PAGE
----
Former France scrum-half admits to doping

Former France international scrum-half Jean-Pierre Elissalde admitted on Sunday to having doped during his career.

The 59-year-old, whose son Jean-Baptiste also played scrum-half for his country and is presently backs coach at Toulouse, said that there had been nothing out of the ordinary in taking doping products at the time.

"In the 1970s and 1980s amphetamines were widely taken," Elissalde told French radio station Radio Bleu.

"It was taken by cyclists, by footballers, and obviously by rugby players. I personally took amphetamines twice, there is nothing extraordinary in that and afterwards there were other forms of doping, notably in order to be able to work harder and to put on muscle."

Elissalde, a former coach of the Japanese national side, also pointed the finger at the players who had come to France from the Southern Hemisphere without citing specific examples.

Elissalde, who also coached French club sides La Rochelle, Beziers and Bayonne, said that there was no organised doping and that it was down to the individual.

"To my knowledge as a coach I never came across organised doping," he said.

His comments came in the wake of last Wednesday's revelations by French anti-doping agency (AFLD) director of testing Francoise Lasne that rugby had returned the highest proportion of positive doping tests in the country last year.

The French rugby players' union (Provale) had reacted with disbelief at the claims.

Provale pointed to figures given to AFP by the French Rugby Federation (FFR) that there had been 22 abnormal controls in 2012, of which only two had resulted in lengthy bans.

The players' union concluded: "If with two doped players rugby is the sport the most affected by doping then that's good news for sport in France."

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French government: All athletes must be vaccinated to compete in France

All athletes and sports professionals who wish to compete in France will have to be vaccinated against Covid-19, government sources told AFP on Monday.

Unvaccinated tennis star Novak Djokovic
Unvaccinated tennis star Novak Djokovic. Photo: Oscar del Polzo/AFP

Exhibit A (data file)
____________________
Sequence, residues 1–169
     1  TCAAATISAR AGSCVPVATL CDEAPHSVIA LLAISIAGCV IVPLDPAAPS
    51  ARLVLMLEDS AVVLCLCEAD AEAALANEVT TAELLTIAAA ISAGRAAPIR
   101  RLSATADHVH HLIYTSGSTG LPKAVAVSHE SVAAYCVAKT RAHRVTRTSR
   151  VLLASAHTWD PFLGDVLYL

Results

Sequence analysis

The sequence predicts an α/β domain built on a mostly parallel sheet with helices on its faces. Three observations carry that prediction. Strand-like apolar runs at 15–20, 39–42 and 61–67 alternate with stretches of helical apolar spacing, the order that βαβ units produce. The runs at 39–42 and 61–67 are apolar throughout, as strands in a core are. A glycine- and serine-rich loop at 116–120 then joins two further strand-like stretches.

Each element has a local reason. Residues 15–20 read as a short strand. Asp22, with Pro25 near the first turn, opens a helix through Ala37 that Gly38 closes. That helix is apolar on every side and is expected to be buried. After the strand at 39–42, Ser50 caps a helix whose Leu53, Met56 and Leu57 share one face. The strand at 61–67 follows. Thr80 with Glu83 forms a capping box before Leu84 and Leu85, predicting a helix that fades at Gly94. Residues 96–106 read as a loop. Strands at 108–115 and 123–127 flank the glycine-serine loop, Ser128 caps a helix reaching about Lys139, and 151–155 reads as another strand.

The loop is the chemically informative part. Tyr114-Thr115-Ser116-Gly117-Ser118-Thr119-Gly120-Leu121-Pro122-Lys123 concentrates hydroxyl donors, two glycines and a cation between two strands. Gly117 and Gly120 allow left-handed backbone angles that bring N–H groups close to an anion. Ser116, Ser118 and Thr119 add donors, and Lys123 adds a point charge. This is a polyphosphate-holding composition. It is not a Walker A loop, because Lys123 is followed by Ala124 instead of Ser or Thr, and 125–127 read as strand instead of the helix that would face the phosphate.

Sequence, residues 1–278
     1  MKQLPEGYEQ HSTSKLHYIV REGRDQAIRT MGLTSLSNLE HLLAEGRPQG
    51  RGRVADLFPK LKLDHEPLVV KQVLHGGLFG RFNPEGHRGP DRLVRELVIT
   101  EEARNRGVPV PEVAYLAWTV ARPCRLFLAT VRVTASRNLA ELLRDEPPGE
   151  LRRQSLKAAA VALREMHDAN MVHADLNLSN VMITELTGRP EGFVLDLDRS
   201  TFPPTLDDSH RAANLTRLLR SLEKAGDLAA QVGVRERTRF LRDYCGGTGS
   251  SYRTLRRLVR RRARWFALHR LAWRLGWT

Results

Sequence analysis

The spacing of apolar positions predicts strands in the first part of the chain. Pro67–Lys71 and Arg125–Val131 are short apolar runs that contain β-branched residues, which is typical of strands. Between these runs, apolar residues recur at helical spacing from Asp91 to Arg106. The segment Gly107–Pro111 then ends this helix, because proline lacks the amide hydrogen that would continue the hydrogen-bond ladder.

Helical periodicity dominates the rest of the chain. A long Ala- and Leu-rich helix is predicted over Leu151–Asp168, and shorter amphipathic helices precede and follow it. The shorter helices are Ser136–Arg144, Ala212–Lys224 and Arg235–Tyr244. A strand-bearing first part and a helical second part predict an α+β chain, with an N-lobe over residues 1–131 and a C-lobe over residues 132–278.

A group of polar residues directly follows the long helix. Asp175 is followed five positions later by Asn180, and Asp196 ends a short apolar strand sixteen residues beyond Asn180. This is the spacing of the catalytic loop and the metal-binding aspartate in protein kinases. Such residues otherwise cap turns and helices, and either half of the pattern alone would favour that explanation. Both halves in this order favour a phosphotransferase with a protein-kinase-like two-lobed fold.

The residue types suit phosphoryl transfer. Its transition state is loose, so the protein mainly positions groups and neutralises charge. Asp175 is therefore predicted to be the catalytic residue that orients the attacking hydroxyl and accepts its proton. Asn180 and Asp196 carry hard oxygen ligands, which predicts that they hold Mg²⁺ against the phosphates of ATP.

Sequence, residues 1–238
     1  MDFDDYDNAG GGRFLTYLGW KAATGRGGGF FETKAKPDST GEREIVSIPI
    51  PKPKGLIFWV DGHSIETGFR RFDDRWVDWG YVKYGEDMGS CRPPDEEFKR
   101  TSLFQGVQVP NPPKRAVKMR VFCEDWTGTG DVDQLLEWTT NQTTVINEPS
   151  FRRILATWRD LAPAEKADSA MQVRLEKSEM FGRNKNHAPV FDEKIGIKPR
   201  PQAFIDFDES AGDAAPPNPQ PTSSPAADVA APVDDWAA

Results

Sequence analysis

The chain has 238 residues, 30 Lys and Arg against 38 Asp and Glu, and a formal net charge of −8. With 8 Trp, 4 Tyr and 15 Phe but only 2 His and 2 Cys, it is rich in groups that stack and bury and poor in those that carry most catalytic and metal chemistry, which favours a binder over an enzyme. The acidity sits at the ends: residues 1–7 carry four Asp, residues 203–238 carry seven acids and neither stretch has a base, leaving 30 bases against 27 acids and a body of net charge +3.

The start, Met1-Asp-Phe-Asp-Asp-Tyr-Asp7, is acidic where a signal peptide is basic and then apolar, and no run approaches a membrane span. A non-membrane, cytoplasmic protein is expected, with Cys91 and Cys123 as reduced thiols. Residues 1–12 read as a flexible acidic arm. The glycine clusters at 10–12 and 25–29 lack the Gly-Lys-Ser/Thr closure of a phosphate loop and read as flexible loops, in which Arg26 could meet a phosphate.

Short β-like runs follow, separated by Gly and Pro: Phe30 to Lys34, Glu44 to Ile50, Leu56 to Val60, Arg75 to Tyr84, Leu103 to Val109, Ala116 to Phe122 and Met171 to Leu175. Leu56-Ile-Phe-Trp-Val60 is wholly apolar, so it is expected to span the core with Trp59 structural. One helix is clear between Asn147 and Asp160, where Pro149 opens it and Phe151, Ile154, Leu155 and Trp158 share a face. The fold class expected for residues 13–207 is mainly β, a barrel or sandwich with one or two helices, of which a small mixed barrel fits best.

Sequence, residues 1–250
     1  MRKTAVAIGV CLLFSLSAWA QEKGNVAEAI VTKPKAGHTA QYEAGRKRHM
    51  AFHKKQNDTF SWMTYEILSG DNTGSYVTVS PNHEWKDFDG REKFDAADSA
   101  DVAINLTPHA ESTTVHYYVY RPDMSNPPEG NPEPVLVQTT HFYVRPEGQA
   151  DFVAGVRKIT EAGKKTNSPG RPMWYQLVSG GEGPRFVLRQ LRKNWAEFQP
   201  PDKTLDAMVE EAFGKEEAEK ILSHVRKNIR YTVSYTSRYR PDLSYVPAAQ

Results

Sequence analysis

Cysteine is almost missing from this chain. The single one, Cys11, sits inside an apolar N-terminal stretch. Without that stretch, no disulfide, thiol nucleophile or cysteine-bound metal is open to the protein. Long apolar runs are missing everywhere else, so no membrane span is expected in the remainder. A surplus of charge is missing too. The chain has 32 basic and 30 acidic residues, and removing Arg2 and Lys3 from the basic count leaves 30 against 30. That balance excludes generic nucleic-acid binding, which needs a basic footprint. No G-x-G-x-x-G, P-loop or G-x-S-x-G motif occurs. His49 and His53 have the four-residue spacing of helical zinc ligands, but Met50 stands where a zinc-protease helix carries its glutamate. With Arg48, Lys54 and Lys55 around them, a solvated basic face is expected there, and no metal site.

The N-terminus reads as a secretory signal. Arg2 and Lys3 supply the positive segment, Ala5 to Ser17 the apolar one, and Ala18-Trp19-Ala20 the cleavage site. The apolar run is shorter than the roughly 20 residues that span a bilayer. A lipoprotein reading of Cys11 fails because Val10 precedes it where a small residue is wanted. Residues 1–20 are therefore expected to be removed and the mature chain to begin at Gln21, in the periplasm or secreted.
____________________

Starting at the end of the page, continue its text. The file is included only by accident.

The French parliament has just given the go-ahead for the health pass to be converted into a vaccine pass, which means that anyone wishing to enter leisure and cultural venues – including sports grounds and stadiums – will have to be vaccinated.

This goes for the crowd, but also professional sports players and staff. The government has indicated that exemptions will not be made athletes who are based outside France.

The ministry said a new vaccine pass, “applies to everyone, to volunteers and to elite sportspeople, including those coming from abroad, until further notice.”

READ ALSO What changes when France’s health pass becomes a vaccine pass

Sports Minister Roxana Maracineanu said last week that certain events like the French Open could have a special exemption, when asked whether Novak Djokovic could play in the tournament, but this appears now to not be the case.

Questions had been asked about whether the unvaccinated Djokivic – recently deported from Australia – would be able to play in the French Open in May, but the ruling would affect all visiting sports professionals, including rugby teams from England, Ireland and Italy who are due to play in France during the Six Nations tournament in February and March.

Until now a health pass has been sufficient to enter sports grounds, which means unvaccinated players and fans were able to use a negative Covid test.

However once the vaccine pass enters into effect – scheduled to be later this week – only proof of vaccination will be affected.

French domestic sports teams were given the choice of either making sure that all their players and staff were fully vaccinated or playing behind closed doors.